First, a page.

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NGINX Goes Open Core

By Sean Kerner (Send Email)
Posted October 11, 2011


The open source NGINX web server is now one of the fastest growing web servers on the Internet. NGINX now holds down an 8.5 percent market share, with just over 43 million sites, according to the most recent Netcraft survey.

NGINX is now moving to the next stage of itS development with a commercial company called Nginx Inc. Nginx announced Tuesday that is has raised $3 million in series A funding. The new funds will help to grow the commercial company as it moves to build out an open core model of commercial technology and services on top of an open source base.

"Despite being somewhat controversial, we think that it's the most valuable approach for open source projects to be open core, in order to provide the commercial features that are really needed," Andrew Alexeev, Nginx co-founder told InternetNews.com. "We're not going to close functionally in the open source project, but rather we will address the items that small companies don't need but the bigger companies do need."

Alexeev noted that large enterprises need the support of a commercial vendor, and they are looking to have better efficiency and control. He stressed that the commercial efforts will not distract from the ongoing efforts to improve the open source product.

"Some people are really afraid that we will be trying to upsell them on something," Alexeev said. "That's not our intention and not our strategy at all."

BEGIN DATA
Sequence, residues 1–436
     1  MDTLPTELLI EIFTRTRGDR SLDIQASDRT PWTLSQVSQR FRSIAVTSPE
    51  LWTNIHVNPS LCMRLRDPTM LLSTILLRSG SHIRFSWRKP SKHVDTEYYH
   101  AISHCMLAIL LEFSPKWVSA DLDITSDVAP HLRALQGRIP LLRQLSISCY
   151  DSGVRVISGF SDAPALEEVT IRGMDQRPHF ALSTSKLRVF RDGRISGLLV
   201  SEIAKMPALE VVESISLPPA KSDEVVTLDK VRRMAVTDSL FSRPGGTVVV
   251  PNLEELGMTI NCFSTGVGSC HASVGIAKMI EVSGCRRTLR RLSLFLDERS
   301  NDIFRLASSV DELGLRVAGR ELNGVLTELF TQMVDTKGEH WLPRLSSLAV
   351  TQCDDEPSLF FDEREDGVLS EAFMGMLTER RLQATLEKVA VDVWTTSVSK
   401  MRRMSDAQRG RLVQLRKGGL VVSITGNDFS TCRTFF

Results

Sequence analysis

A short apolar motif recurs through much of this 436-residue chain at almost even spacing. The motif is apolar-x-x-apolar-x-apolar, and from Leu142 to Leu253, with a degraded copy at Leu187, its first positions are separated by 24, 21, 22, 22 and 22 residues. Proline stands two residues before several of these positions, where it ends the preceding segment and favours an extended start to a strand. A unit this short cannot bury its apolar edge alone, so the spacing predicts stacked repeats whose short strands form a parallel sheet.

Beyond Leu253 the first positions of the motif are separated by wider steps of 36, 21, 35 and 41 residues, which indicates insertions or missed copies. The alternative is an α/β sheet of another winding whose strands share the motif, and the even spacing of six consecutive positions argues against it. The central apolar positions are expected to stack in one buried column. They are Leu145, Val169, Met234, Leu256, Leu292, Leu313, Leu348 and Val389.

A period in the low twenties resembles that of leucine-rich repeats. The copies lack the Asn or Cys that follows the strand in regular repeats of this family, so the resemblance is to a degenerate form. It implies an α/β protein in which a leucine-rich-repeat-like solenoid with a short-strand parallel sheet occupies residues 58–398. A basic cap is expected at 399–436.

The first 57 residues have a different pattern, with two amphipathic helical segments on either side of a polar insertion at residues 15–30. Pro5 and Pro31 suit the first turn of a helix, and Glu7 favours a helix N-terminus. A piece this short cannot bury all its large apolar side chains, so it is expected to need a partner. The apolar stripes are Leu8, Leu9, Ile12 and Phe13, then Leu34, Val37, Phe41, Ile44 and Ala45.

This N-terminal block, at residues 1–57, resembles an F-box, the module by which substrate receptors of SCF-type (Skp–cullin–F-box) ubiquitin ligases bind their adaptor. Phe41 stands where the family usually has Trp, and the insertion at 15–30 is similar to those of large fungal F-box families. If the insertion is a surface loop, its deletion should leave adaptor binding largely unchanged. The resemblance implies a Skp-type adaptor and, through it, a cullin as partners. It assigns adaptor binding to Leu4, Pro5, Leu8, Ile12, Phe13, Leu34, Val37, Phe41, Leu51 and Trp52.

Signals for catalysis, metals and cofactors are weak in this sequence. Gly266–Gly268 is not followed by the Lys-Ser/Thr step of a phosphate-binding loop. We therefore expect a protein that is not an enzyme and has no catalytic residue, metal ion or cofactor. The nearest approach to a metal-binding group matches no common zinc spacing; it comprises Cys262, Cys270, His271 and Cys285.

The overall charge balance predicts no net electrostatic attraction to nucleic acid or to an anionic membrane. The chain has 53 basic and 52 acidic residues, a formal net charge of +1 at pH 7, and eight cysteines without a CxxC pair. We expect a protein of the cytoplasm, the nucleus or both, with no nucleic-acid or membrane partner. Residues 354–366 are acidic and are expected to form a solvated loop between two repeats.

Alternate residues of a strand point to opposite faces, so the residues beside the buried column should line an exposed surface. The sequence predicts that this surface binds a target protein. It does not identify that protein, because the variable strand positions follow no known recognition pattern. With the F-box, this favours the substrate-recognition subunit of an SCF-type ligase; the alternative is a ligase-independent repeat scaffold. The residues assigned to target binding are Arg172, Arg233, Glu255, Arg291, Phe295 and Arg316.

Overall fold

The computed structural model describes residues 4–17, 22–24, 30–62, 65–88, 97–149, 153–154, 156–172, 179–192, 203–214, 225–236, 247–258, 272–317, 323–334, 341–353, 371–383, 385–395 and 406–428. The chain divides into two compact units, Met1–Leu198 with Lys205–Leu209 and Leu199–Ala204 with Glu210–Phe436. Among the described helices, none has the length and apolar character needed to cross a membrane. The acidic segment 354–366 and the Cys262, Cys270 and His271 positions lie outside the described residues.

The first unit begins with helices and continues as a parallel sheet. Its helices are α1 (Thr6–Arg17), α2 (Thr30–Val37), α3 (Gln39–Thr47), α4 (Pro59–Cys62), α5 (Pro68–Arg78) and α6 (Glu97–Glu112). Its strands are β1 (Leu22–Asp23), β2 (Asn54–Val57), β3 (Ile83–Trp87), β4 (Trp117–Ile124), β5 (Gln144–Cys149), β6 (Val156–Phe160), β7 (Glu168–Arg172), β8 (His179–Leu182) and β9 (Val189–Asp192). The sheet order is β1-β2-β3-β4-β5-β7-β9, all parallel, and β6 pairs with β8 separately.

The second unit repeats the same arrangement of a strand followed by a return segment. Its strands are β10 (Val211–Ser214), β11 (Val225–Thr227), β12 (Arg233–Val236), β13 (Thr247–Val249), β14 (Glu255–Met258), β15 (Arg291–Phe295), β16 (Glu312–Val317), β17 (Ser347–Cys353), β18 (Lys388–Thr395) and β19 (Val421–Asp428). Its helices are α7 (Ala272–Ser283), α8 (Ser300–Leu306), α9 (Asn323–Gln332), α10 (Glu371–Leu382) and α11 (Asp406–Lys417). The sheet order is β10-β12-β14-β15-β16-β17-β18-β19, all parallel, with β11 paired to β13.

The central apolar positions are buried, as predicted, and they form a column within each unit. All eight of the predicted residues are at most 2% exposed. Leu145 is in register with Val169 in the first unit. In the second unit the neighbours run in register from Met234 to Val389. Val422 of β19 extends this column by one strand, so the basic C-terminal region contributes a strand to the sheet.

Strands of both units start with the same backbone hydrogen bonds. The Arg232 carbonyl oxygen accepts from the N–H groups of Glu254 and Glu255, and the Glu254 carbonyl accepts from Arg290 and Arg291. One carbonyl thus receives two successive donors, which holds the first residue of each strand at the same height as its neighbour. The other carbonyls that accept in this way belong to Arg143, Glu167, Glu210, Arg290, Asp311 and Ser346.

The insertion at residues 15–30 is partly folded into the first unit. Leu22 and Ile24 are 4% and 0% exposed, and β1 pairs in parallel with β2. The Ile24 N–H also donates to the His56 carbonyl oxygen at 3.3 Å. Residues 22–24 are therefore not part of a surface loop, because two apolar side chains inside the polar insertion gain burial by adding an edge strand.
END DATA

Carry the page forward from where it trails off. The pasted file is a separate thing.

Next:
Alexeev explained that NGINX has a modular approach, and the commercial capabilities will be provided on top of the open source web server. He added that there will be only one development track of NGINX, in an effort to keep the code efficient and not bloated.

NGINX is gaining market share by way of new deployments as well as by taking share from the open source Apache web server and Microsoft's IIS. In comparison to Apache, Alexeev said the main benefit for NGINX comes from its small memory footprint and enhanced concurrency.

According to Alexeev, Apache wastes memory in some use-cases, which is where NGINX can come in to help due to its memory efficiency.

"I'm not saying Apache is a bad web server," Alexeev said."But many things are implemented differently in NGINX."

While NGINX can be used as a replacement for Apache, it's not a drop-in replacement. Alexeev said that if an Apache user has complicated mod_rewrite (for URL re-writing) or htaccess (for directory access) rules, moving to NGINX could be problematic and will require some manual labor.

"You can do everything with NGINX that you can do with Apache," Alexeev said. "But something we will do in a future release is to help make people's lives easier when trying to move complete Apache web servers."

Sean Michael Kerner is a senior editor at InternetNews.com, the news service of Internet.com, the network for technology professionals.

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